The presentation was created as a partnership between The Weather Channel and The Future Group, a Norwegian company that struck a deal last year with the makers of Unreal Engineâ€”Epic Gamesâ€”to use the tech in TV broadcasts. The project is designed to bring mixed reality and augmented reality to live productions.
While the premise for graphics wasn’t terribly groundbreaking (many would say it’s common sense to evacuate areas where the water level is near the height of a basketball net), its potential moving forward is intriguing and certainly makes for more compelling television.
Over 200 wildlife species are being illegal sold via Facebook groups in Thailand. The slow loris, pictured above, is among the most commonly advertised for sale.
Image: Getty Images/500px Plus
A wildlife trafficking watchdog is calling out Facebook for hundreds of listings of animals in Thailand.
TRAFFIC, a wildlife trade monitoring organization, is releasing a report today detailing a multiyear investigation that monitored Facebook groups that facilitated the sale of wildlife. The listings included live and dead animals, as well as animal body parts according to the BBC.
Of the over 1,500 animal listings discovered by TRAFFIC, more than half of the animals offered up for trade are protected under Thailand’s Wild Animal Reservation and Protection Act. Some of the listed animals, such as the Helmeted Hornbill and the Siamese crocodile are a critically endangered species. In the case of a species like the Helmeted Hornbill and the Siamese crocodile, TRAFFIC says its critically endangered status meant that even a single creature removed from the wild would be detrimental for the species’ survival.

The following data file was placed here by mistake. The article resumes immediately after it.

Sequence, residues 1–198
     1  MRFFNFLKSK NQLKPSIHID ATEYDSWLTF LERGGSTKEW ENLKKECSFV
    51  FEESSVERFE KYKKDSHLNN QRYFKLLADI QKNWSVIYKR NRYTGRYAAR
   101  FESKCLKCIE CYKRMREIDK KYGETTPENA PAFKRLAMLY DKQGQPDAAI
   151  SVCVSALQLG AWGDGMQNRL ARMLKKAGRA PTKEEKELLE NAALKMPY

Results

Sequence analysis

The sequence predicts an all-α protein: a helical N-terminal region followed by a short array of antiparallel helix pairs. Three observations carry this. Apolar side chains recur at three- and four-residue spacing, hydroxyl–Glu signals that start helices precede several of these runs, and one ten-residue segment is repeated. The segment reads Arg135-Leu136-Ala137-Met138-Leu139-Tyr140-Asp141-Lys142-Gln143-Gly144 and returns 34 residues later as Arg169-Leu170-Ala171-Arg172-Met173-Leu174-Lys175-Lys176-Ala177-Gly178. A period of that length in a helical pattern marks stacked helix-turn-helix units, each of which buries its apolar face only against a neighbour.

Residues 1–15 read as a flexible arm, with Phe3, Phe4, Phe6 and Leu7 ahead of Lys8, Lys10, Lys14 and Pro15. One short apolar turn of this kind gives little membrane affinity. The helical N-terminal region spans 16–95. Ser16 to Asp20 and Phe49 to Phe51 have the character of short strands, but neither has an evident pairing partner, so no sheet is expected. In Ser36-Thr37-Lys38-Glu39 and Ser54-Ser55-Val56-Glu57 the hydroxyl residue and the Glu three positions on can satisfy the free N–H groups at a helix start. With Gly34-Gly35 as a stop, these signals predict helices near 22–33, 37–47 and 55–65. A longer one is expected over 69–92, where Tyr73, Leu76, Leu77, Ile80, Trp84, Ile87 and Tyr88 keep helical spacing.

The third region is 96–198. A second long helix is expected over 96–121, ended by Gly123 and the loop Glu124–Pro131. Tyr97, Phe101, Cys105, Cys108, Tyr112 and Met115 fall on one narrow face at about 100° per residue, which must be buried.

In total, the group found listings for 200 species. Listings included animals native to Thailand, like the Asiatic black bear, as well as species not native to the country like the Eurasian otter and the black spotted turtle, all of which are barred from international trade.
The listings were all uncovered by TRAFFIC during a single month in 2016. They were discovered across 12 different animal trade Facebook groups the organization was monitoring. While two Facebook groups have since shut down, TRAFFIC revisited the remaining groups to analyze in 2018. The organization found that total membership across the groups had grown. In 2016, total membership of all the animal trade Facebook groups monitored by TRAFFIC was 106,111. Now, two years later, the groups boast a total of 203,445 members.